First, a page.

Saas Contract Terms and Conditions

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					                       Marketing SaaS Solutions to Enterprises:
                              Seven Hazards to Avoid

                                    by Peter A. Cohen,
                  Managing Partner, SaaS Marketing Strategy Advisors


Software-as-a-service (SaaS) solutions and cloud computing are hot and vendors are
jumping head-first into this opportunity. New companies see SaaS as a way to leverage
resources “in the cloud” to build their application, and existing companies want to offer a
“SaaS alternative” to their on-premise application.
A word of caution to both: Proceed with care.
Though the tactics used to market and sell SaaS solutions may be similar to those used
with on-premise applications, there are significant strategic differences. Marketing and
sales will need to adjust the messaging and the value proposition, target different
audiences, and adapt to a different schedule to suit the SaaS model.
The path to successfully marketing and selling SaaS solutions to enterprises is full of
challenges, as many vendors are already learning... the hard way. I’ve identified seven of
the most common hazards are likely to encounter, and suggested ways to navigate your
way around them.


1.     The SaaS solution is more than just product features

One of the attractions of SaaS solutions is that the customer can get the benefits of the
application, without installing and maintaining the software on-premise. Customers are
expecting a hassle-free experience.
For marketing and sales, that means putting the emphasis on the “service,” not the
“software.” Promote the entire end-to-end customer experience. Don’t just focus on the
software application features. Tout the speed of deployment, the ease of configuration,
and instant access to on-line training and support. Whatever the customer thinks will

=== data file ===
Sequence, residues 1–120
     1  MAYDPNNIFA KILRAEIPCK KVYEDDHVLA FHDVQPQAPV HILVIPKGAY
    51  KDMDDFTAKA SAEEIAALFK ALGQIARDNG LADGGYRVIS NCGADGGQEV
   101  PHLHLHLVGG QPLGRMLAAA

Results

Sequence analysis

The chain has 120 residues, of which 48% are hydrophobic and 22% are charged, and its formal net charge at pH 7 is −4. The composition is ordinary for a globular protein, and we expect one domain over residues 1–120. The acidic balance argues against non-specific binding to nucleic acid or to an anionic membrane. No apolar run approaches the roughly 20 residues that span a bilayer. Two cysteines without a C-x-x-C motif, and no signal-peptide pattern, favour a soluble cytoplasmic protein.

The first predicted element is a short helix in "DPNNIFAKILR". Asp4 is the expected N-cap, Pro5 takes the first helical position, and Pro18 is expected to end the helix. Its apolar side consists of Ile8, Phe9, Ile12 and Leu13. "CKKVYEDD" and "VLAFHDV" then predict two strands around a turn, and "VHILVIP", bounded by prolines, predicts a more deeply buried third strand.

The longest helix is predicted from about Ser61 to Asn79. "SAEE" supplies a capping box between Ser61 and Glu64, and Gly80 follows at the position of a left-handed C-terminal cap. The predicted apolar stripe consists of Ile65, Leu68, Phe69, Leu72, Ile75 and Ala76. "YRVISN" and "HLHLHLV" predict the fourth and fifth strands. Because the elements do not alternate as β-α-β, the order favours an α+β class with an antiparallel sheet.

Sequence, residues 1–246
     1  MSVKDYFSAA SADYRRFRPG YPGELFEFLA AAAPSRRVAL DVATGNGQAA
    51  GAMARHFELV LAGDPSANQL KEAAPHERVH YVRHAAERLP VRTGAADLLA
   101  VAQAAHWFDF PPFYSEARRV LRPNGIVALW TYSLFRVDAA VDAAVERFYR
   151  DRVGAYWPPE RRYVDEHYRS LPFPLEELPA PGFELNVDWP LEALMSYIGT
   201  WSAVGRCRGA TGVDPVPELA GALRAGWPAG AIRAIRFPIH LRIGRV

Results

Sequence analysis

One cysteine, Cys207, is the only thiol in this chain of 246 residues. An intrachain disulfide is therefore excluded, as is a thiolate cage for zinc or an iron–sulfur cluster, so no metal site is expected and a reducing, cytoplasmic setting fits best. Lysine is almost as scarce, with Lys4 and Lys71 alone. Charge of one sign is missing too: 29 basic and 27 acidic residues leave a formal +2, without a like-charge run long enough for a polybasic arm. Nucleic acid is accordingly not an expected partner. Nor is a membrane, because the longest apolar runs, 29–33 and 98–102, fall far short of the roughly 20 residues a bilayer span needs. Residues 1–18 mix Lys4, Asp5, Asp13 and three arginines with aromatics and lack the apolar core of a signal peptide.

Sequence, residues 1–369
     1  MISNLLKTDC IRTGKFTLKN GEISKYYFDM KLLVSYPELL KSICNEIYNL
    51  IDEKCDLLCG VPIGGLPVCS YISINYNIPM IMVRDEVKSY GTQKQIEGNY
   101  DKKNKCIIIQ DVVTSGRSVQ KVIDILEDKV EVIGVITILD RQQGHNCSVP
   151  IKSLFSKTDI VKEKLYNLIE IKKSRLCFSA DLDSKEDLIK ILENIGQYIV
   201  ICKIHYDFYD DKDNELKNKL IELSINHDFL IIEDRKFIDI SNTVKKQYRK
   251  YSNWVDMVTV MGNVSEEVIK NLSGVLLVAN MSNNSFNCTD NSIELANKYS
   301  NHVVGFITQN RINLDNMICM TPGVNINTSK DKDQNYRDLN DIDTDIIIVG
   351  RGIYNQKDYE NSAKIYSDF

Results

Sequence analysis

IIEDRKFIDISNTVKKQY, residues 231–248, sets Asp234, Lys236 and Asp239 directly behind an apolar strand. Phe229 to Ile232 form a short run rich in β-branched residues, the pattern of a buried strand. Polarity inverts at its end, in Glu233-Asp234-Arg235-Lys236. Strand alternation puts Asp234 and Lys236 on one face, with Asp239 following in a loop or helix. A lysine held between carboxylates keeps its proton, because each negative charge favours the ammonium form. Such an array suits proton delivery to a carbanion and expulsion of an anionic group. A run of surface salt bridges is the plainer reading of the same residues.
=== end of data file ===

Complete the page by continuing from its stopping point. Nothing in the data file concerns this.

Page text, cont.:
make their life easier and less complicated than an on-premise application, promote it.


2.     Market the promise, not just the product

Customers of SaaS solutions have bought into the promise of what will be delivered as
much as they’ve bought into the specific feature set that you can deliver on day one.
They are trusting the SaaS provider to deliver a stream of valuable enhancements over the
life of their subscription.
That means that marketing and sales will need to win customers’ trust and sell them on
the value of your promise. Customers will need to see your record of delivering
enhancements over time, and they should have confidence in your ability to deliver new
enhancements going forward. Share your roadmap with customers.

Marketing SaaS Solutions to Enterprises: Seven Keys to Success                      page 1
3.     Ignore existing customers at your peril

In the SaaS model, the entire business depends on happy customer renewals.
For marketers, that adds another segment within your target audience: existing
customers. Make the customer on-boarding experience as friendly as possible.
Throughout the live of the subscription, actively market the latest solution enhancements
to this audience, not just to new prospects. Ensure that existing customers are regularly
informed and encouraged to take advantage of the new enhancement so they’ll be eager
to renew when their subscription ends.


4.     Control customer acquisition costs